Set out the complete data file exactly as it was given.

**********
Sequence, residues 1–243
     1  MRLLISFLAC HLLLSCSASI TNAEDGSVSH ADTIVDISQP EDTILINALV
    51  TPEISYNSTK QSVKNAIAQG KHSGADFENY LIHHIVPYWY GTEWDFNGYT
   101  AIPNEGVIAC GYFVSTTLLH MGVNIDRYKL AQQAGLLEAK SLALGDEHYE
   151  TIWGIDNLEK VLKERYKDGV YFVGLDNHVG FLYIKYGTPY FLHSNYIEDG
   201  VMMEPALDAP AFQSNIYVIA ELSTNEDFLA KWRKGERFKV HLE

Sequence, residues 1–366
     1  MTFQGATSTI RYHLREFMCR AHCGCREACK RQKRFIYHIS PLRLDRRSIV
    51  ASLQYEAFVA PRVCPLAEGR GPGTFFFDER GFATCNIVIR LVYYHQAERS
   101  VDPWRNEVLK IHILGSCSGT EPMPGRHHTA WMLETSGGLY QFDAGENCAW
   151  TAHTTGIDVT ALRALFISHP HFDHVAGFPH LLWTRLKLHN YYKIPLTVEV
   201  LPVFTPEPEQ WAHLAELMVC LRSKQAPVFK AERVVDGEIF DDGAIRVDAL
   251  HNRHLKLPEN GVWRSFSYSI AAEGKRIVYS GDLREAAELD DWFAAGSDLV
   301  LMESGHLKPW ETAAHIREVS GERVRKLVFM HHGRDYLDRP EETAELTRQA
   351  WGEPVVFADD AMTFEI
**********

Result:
Sequence, residues 1–243
     1  MRLLISFLAC HLLLSCSASI TNAEDGSVSH ADTIVDISQP EDTILINALV
    51  TPEISYNSTK QSVKNAIAQG KHSGADFENY LIHHIVPYWY GTEWDFNGYT
   101  AIPNEGVIAC GYFVSTTLLH MGVNIDRYKL AQQAGLLEAK SLALGDEHYE
   151  TIWGIDNLEK VLKERYKDGV YFVGLDNHVG FLYIKYGTPY FLHSNYIEDG
   201  VMMEPALDAP AFQSNIYVIA ELSTNEDFLA KWRKGERFKV HLE

Sequence, residues 1–366
     1  MTFQGATSTI RYHLREFMCR AHCGCREACK RQKRFIYHIS PLRLDRRSIV
    51  ASLQYEAFVA PRVCPLAEGR GPGTFFFDER GFATCNIVIR LVYYHQAERS
   101  VDPWRNEVLK IHILGSCSGT EPMPGRHHTA WMLETSGGLY QFDAGENCAW
   151  TAHTTGIDVT ALRALFISHP HFDHVAGFPH LLWTRLKLHN YYKIPLTVEV
   201  LPVFTPEPEQ WAHLAELMVC LRSKQAPVFK AERVVDGEIF DDGAIRVDAL
   251  HNRHLKLPEN GVWRSFSYSI AAEGKRIVYS GDLREAAELD DWFAAGSDLV
   301  LMESGHLKPW ETAAHIREVS GERVRKLVFM HHGRDYLDRP EETAELTRQA
   351  WGEPVVFADD AMTFEI